In English, many things are named after a particular country – but have you ever wondered what those things are called in those countries?
1(occurrence/encounter) fortuito(encounter/occurrence) casual
- It had been obtained by one of those fortuitous coincidences that sometimes produce great journalism.
- He laughed to himself as he walked, thinking how lucky he'd been that his prank had had such fortuitous results.
- It probably arose from the accidental but fortuitous fermentation of grapes from wild vines.
- Much of the success of the text is by design, other aspects are by fortuitous accident.
- Violence itself becomes a means of reassurance, a fortuitous opportunity through which the strength of re-enforced steel is tested.
- As it turned out, it was rather fortuitous that I had stopped to have a short discussion with Irving.
- They might have been, too, but for a rather fortuitous penalty awarded with nine minutes remaining.
- This is fortuitous because the acreage of this convention center is unfathomable.
- The road to the professional drama circuit was rather fortuitous.
- It was rather fortuitous then, to have the Prime Minister himself underline the need for a more direct and reliable land route.
- Make no mistake this was a hard won if rather fortuitous victory but like recent games it needn't have been so.
- The goal was the key score, and a rather fortuitous one.
- If such evidence surfaces, watch out for another fortuitous destruction of those records.
- This fortuitous and timely development supports faculty initiatives.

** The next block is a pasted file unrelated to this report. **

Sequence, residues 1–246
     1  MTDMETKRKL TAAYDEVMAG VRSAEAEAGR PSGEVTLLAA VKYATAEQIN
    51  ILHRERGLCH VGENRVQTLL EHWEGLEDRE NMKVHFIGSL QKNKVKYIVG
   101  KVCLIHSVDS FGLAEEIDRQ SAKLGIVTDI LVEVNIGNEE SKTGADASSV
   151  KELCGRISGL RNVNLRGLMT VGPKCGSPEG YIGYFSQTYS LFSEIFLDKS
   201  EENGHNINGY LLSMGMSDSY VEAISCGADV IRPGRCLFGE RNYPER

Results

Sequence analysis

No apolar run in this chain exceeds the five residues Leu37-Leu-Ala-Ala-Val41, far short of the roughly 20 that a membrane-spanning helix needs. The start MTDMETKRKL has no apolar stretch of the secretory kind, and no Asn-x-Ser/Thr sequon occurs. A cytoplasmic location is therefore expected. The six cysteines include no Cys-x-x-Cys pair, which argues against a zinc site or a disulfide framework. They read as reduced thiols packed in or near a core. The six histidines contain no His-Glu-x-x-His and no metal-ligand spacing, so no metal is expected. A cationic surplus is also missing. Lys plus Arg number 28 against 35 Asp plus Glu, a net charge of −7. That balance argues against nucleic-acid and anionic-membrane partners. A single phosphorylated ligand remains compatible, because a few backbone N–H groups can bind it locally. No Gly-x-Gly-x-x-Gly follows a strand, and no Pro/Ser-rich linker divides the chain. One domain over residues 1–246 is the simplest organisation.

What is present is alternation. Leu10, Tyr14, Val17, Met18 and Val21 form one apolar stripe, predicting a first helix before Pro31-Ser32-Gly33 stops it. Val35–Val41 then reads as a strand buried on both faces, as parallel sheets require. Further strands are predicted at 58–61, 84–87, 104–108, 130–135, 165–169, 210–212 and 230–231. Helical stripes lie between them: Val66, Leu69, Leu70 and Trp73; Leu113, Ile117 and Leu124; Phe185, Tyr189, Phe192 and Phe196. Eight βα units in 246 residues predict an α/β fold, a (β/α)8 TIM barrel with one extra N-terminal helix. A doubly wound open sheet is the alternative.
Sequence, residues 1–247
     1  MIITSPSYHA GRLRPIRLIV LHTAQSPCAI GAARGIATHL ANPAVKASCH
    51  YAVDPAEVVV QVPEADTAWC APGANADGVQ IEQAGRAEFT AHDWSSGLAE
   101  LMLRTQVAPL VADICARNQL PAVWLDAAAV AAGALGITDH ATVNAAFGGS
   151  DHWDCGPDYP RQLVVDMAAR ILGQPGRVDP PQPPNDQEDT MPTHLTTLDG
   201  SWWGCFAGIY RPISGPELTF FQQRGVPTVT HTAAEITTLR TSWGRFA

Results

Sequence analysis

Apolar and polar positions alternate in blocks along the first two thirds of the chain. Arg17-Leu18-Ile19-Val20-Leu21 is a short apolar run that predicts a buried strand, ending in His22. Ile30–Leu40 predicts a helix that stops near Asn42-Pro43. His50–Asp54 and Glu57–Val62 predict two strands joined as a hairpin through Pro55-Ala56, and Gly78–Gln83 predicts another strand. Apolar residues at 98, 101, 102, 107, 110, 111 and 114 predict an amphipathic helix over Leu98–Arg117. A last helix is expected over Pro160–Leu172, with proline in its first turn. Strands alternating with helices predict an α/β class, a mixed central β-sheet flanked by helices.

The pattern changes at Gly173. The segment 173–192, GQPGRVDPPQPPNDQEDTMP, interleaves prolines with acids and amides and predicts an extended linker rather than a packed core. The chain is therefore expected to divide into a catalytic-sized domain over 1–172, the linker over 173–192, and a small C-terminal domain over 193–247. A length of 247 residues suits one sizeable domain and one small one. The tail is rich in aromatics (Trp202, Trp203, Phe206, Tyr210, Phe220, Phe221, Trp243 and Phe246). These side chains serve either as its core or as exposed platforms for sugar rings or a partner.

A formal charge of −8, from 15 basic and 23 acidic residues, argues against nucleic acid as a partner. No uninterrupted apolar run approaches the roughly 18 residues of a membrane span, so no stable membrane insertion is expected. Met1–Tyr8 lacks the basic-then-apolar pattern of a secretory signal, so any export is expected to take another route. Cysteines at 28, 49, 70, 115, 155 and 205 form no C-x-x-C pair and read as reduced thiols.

- There things might have stayed, except for a rapid and fortuitous concatenation of circumstance and opportunity.
- Henry benefitted from several fortuitous breaks of the ball, but took full advantage as King's game began to unravel.
- In our analysis, we took advantage of these fortuitous differences by incorporating weather as a categorical factor.
- The loft above the work space was a fortuitous accident that happened during construction.
- By a fortuitous coincidence, it involves some real handcuffs.
- On a similar theme, red is a lucky or fortuitous colour so wedding banquets in Japan tend to have red food included.
English has borrowed many of the following foreign expressions of parting, so you’ve probably encountered some of these ways to say goodbye in other languages.
Many words formed by the addition of the suffix –ster are now obsolete - which ones are due a resurgence?
As their breed names often attest, dogs are a truly international bunch. Let’s take a look at 12 different dog breed names and their backstories.